Art of the High Renaissance

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BOTTICELLI (1445 - 1510)

Sandro Botticelli studied under Fra Filippo Lippi, was influenced by both Fra Angelico and Donatello, and entered into "the charmed circle" of the Medici's Platonic Academy (Batterberry 156). Art historians place him variously as a highwater mark in the early Renaissance or an early representative of the High Renaissance. In his famous, "Primavera" (a.k.a. "Springtime" or "The Garden of Venus,") Bottielli demonstrated mastery of his craft and the inspiration of the classics that so characterized Florentine humanists. He was one of the first painters to give frank, admiring expression to classical themes, which both represented and enhanced Florence's fascination with the classics. However, like his contemporaries, he was devout. He did for art what Donatello did for sculpture: attempt to fuse the Christian with the classical, the sacred with the pagan. His two most famous paintings, "The Birth of Venus" and "Primavera," symbolize the heady optimism of the Florentine Renaissance in the Quattrocento.
Like many Renaissance paintings, "Primavera" tells a story. According to Michael Batterberry, it's possible to "read" the painting: "As Zephyr, the icy East [sic]* Wind in the right-hand corner, seeks to grasp the nymph Clovis [sic], flowers cascade from her mouth and she is transformed into the Goddess Flora at her left, wreathed in blossoms and dressed in flower-embroidered silks. Venus occupies the center of the picture...; the male figure [left] represents either Paris placing the apple of discord to award the most perfect of the Graces or Mercury dispersing the mists with his wand" (159). In "Primavera," Zephyr, the West Wind and son of Aurora, goddess of dawn, captures Chloris and makes her his consort and can be seen in "The Birth of Venus" (below) still holding her in his arms. She is raised to the rank of goddess from nymph by her marriage to Zephyr. (Cumming 22-23) *Zephyr is the West Wind; the nymph is Chloris.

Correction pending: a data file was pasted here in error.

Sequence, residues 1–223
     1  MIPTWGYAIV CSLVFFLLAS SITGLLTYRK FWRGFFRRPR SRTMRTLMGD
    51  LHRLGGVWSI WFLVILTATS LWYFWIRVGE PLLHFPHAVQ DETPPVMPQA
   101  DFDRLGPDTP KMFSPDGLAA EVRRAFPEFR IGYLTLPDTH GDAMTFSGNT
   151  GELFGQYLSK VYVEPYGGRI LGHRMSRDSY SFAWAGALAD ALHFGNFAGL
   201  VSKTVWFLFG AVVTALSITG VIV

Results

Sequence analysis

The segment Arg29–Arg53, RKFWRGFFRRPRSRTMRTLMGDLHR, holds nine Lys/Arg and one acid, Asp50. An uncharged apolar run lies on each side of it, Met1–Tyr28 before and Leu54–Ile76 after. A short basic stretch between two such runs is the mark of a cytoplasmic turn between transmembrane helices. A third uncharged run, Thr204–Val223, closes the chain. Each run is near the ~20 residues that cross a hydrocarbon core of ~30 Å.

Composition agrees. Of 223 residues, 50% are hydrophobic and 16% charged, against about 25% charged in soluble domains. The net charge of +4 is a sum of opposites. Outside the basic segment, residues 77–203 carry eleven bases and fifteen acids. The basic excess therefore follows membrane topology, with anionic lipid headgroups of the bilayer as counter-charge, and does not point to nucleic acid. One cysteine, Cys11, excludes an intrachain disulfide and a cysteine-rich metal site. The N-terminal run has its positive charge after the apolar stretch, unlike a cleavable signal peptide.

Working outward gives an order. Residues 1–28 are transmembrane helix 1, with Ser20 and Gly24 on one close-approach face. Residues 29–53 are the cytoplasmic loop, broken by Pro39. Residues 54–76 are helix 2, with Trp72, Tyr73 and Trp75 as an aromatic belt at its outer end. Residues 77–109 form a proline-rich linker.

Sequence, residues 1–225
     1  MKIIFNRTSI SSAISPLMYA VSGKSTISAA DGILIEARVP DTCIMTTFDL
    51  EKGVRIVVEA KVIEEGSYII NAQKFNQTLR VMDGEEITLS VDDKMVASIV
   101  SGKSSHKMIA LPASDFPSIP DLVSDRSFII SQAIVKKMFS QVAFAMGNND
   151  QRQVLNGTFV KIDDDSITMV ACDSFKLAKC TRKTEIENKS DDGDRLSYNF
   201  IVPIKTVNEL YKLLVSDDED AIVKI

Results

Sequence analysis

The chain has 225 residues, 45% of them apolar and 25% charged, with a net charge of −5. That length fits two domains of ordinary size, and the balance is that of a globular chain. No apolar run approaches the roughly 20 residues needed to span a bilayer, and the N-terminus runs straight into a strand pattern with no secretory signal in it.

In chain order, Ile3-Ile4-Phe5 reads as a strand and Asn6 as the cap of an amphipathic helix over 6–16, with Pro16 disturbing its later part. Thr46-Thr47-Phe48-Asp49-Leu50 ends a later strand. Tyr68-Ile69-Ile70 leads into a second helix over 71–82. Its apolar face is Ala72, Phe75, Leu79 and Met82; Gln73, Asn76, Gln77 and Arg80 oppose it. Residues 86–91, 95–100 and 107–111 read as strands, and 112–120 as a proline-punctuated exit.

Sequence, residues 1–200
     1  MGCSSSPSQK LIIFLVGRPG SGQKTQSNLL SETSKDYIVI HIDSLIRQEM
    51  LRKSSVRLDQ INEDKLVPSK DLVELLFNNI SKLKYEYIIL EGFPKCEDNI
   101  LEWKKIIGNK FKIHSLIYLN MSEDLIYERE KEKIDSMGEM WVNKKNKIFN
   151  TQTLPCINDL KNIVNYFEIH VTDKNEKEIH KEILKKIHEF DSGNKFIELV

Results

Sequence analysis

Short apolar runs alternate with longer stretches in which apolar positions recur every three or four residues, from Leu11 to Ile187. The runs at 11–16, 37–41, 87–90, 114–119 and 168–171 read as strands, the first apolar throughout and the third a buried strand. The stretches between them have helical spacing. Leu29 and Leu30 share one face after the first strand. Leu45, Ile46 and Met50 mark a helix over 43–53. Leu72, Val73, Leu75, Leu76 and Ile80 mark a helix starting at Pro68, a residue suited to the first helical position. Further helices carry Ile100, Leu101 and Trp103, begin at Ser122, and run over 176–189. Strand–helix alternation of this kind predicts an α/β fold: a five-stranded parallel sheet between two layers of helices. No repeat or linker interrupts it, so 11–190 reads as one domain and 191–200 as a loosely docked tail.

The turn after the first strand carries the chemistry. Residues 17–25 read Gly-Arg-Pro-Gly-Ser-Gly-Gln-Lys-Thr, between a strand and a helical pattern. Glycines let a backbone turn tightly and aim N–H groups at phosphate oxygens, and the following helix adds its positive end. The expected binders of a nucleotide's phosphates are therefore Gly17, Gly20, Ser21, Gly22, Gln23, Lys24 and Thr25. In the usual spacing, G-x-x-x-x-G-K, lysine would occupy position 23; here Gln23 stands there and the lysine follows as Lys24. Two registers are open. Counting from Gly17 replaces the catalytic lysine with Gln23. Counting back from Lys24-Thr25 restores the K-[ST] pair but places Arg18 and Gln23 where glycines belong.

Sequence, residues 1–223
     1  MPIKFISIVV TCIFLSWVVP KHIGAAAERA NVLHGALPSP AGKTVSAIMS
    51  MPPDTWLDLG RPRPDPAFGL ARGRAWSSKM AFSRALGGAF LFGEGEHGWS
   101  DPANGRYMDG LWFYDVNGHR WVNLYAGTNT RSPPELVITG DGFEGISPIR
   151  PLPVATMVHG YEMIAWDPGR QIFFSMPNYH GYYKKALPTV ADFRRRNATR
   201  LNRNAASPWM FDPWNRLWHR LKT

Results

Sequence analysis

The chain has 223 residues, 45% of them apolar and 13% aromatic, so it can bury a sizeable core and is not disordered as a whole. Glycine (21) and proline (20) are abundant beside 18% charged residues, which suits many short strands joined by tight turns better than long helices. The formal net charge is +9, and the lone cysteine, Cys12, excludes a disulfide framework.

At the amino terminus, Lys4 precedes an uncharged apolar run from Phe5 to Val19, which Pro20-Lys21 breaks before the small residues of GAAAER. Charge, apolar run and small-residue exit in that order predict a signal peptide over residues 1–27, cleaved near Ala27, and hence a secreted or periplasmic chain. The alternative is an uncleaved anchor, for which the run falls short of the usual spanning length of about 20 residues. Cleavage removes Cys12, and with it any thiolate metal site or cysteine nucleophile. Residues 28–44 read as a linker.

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Botticelli's "The Birth of Venus" was the "first large scale Renaissance painting with an exclusively and explicitly secular and mythological subject." Venus almost seems to be carved from marble as Botticelli portrays her in the pose of a well-known Roman statue, an allusion that he expected all to recognize as he paid homage to his classical inspiration. In Botticelli's dreamy vision of poetic feminine beauty, Venus rises from the sea (according to legend, born of its foam,) welcomed by the West Wind (to her left, holding Chloris) who blows her gently to shore scattering rosebuds in her path (roses symbolizing love); an attendant nymph, representing Spring, waits to cover her nakedness.